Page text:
Under the banner Ferguson is Here! #fergusonéaqui Thousands took the streets in Sao Paulo, Brazil in solidarity with Black Lives Matter protests in the US.Today’s event in Sao Paulo was to highlight the systemic police violence, the high rate of murders and the judicial injustices suffered when these crimes against black communities go unpunished.
In a report by the Brazilian Forum of Public Safety published on Nov. 9th 2014, Brazilian police killed 2,212 people in 2013. Twice as many blacks as whites in Brazil were victims of police violence in 2009, according to a recent study by economist Daniel Cerqueira.
Another study by the University of Sao Carlos showed that even as blacks comprised 34 percent of the population of Sao Paulo, they numbered 58 percent of those killed by police.
On Wednesday, the peasant Cleomar, coordinator of Liga dos Camponeses Pobres do Norte de Minas e Bahia (Poor Peasants League of Northern Minas and Bahia) was ambushed and killed in Pedra Maria da Cruz, near the Área Revolucionário Unidos com Deus Venceremos, where he lived, worked and struggled with his comrades. Cleomar organized collective honey production in the area, and part of this production he and his fellow workers protested the political repression in Rio de Janeiro, which made him very happy. Recently, Cleomar attended the Congress of the International Association of People’s Lawyers (IAPL) held in Rio de Janeiro.
We demand investigation and punishment of the perpetrators and masterminds of this crime against the people!
Comrade Cleomar! Presente!
We reproduce below statement from the National Commission of the Poor Peasants League:
Leader of the League of Poor Peasants of Northern Mines and Bahia is murdered in Pedras de Maria da Cruz
Belo Horizonte, October 23, 2014
Comrade Cleomar, Coordinator of Poor Peasants League of North Gerais and Bahia, was cowardly assassinated October 22, 2014, after passing the “cancela do cascalho” (“gate of gravel”) and entering the path to get to the Área Revolucionária Unidos com Deus Venceremos, where he lived, worked and fought for the piece of land along with other companeros.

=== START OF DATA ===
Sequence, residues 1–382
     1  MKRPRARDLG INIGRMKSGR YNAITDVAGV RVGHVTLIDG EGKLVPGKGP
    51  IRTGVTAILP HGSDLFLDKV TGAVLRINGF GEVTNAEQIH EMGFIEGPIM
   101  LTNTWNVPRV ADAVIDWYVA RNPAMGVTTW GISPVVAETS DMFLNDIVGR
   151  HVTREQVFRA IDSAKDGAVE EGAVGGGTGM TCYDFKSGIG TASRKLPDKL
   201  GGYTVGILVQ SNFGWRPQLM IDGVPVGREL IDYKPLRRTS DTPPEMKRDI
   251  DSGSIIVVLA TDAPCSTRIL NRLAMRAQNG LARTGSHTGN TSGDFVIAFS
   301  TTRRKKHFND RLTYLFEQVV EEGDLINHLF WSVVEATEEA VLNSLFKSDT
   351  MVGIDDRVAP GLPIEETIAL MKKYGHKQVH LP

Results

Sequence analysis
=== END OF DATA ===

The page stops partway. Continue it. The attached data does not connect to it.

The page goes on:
His body was found pierced by gunfire, according to the first report of his companion who was quite distraught.
We are sending this announcement to all who support and accompany the struggle for land, to denounce this crime of landlordism and this rotten and murderous state, while the Poor Peasants League North Mine is gathering all the information and preparing an honorable farewell to this martyr of the struggle of the people.
We urge everyone to be present at the farewell to this comrade, (despite the distance).
Cleomar was humble, dedicated, responsible, hardworking, combative, intelligent, patient, insightful, politicized. He was a husband and exemplary, respectful, affectionate father.
Cleomar often received death threats, and constantly denounced the authorities, whose attacks continued.
The murder of comrade Cleomar continues the hundreds of attacks and ambushes against peasants struggling for land: at roadblocks, where the companeros must stop; and after hearing the Public Prosecutor, on 09 October, about large landowners closing roads, preventing access to water from artesian wells by the municipal CDR, being evicted from lands occupied by INCRA, but which never received a hearing for justice, was back to square one, as has happened in thousands of cases in this country in recent years. Cleomar denounced the landowners threats against him, and called for the peasants’ union, vazanteiros, fishermen and Maroons against landlordism to conquer the land.
Cleomar was popular in many areas, Cleomar organized the production of honey by a collective group, and imagine the happiness that he got when he saw “his” honey helping political prisoners protesters in Rio de Janeiro … Cleomar had participated in the early years of the Congress of the International Association of People’s Lawyers, and his interest in the struggles of other people was contagious. Cleomar fought not only for land, Cleomar wanted power for the worker-peasant alliance!